Although the increased PI may be explained, at least partially, by the presence of ischaemic lesions in the parenchyma, the pathophysiology of the akinetic-rigid syndrome has not yet been associated with any specific locus of lacunar lesions. Yamanouchi and Nagura4 report greater pallor and decreased oligodendrocyte density in the frontal white matter of patients with VP when compared with age- and sex-matched controls without parkinsonism. However, no differences were found in the quantity or distribution of vascular lesions in the basal ganglia. Furthermore, several case reports describe the acute onset of parkinsonism in the context of a focal lesion,17,18 each at a different location (territorial, thalamus, substantia nigra).

In our neurosonology laboratory, the PI value 1.09 was established as a cut-off point with good sensitivity (84%) and specificity (70%) for the diagnosis of VP. This sensitivity value is comparable to that of SNH for diagnosing IPD, as reported by Tsai et al.5 (83%), although PI is less specific, probably due to the prevalence of increased values in elderly patients.

We observed an abnormally high number of patients with atypical parkinsonism. This overrepresentation is explained by the fact that the sample was gathered from a movement disorder specialist unit at a tertiary hospital. The percentages of patients with VP and IPD, however, are similar to those usually reported in the literature.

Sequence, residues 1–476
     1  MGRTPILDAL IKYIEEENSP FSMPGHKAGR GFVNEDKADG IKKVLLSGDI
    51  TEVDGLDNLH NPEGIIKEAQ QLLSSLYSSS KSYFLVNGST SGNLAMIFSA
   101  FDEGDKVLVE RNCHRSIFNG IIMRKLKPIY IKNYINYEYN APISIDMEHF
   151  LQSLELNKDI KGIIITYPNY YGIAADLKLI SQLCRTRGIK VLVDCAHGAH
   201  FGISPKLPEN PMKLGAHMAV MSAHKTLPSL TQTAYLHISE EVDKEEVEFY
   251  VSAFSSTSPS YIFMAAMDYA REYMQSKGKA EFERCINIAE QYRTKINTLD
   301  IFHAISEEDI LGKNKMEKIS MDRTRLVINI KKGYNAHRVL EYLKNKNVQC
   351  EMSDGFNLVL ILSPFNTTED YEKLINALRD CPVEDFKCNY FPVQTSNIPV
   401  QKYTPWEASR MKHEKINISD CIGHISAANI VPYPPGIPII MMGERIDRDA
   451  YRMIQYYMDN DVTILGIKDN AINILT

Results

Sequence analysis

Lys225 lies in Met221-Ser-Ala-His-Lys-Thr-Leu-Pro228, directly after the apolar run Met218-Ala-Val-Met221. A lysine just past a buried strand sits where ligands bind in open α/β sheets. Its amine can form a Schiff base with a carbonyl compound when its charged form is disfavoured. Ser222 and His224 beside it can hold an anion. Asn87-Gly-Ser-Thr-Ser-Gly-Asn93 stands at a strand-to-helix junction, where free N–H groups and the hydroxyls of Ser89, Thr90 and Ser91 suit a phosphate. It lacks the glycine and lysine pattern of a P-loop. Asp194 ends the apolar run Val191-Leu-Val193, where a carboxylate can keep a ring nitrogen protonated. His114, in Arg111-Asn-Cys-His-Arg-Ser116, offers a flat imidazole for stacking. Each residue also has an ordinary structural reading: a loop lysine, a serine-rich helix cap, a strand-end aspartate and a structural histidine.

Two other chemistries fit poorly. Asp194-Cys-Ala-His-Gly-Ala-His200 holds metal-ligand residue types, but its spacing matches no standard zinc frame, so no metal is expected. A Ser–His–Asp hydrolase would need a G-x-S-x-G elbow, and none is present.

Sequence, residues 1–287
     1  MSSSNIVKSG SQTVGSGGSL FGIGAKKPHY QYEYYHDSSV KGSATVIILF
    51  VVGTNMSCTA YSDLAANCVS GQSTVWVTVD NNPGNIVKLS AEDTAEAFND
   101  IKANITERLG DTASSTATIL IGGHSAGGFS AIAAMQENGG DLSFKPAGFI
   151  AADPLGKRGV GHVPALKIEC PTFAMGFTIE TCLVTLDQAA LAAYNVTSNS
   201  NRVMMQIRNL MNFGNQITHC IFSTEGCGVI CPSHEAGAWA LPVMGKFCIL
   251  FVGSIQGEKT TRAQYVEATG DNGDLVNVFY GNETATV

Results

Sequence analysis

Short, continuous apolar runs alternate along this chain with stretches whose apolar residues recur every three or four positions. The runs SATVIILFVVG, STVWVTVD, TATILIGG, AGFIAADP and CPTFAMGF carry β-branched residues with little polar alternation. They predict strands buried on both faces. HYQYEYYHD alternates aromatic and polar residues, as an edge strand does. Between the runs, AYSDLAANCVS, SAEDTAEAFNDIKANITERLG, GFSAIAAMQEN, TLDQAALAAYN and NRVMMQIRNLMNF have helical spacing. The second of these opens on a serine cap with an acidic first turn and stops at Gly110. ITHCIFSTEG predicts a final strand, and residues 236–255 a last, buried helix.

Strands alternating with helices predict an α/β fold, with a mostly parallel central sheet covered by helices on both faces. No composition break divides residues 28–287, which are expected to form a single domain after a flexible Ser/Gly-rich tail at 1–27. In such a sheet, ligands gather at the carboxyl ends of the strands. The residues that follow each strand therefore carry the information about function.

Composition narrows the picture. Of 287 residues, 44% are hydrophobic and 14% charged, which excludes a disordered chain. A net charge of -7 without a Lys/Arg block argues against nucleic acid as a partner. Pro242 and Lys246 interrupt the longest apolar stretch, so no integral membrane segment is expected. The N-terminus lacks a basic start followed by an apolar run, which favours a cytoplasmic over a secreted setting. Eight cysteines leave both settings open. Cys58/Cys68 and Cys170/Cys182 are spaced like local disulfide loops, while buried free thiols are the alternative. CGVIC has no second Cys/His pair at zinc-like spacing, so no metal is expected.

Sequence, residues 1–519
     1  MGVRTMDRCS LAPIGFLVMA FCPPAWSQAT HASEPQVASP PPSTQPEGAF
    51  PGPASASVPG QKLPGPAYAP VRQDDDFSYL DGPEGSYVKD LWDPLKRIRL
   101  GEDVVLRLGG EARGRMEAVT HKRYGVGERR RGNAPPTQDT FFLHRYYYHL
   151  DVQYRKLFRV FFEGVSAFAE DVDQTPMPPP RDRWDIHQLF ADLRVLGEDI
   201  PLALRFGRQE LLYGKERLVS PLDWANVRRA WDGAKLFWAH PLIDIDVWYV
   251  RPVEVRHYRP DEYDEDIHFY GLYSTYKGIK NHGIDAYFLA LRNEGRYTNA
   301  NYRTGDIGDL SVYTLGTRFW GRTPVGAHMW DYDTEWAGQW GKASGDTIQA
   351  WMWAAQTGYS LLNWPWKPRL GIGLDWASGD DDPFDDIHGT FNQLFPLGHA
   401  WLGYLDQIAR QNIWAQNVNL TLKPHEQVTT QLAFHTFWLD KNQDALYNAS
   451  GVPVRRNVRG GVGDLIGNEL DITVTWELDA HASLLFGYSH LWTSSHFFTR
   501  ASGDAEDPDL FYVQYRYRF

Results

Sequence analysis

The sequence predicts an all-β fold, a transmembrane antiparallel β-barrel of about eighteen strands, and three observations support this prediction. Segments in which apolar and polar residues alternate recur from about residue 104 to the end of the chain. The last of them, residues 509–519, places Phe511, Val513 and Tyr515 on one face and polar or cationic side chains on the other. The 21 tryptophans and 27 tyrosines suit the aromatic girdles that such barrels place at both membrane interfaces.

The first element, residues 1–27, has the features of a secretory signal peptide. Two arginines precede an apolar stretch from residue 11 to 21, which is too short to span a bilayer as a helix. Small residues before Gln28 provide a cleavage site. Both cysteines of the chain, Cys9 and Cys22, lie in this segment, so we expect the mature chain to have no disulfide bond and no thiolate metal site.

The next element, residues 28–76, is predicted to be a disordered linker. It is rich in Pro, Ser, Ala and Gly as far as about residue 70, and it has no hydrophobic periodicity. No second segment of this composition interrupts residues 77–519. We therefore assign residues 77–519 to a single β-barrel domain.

Contrary to expectations, the multivariate analysis revealed no significant differences in SNH as a function of diagnosis or age.

In conclusion, there is a continuing need to establish more reliable diagnostic criteria, given the implications for response to dopaminergic treatment and progression. The inclusion of PI as one of these criteria would require studies to be performed, systemically including transcranial Doppler ultrasonography in the initial assessment of patients with akinetic-rigid syndrome.

Conflicts of interest

The authors have no conflicts of interest to declare.

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Please cite this article as: Caba LM, Ferrairó JIT, Torres IM, Costa JFV, Muñoz RB, Martin AL. El índice de pulsatilidad intracraneal elevado apoya el diagnóstico de parkinsonismo vascular frente a enfermedad de Parkinson idiopática. Neurología. 2020;35:563–567.

Part of this study was presented orally at the 68th Annual Meeting of the Spanish Society of Neurology.

Copyright © 2017. Sociedad Española de Neurología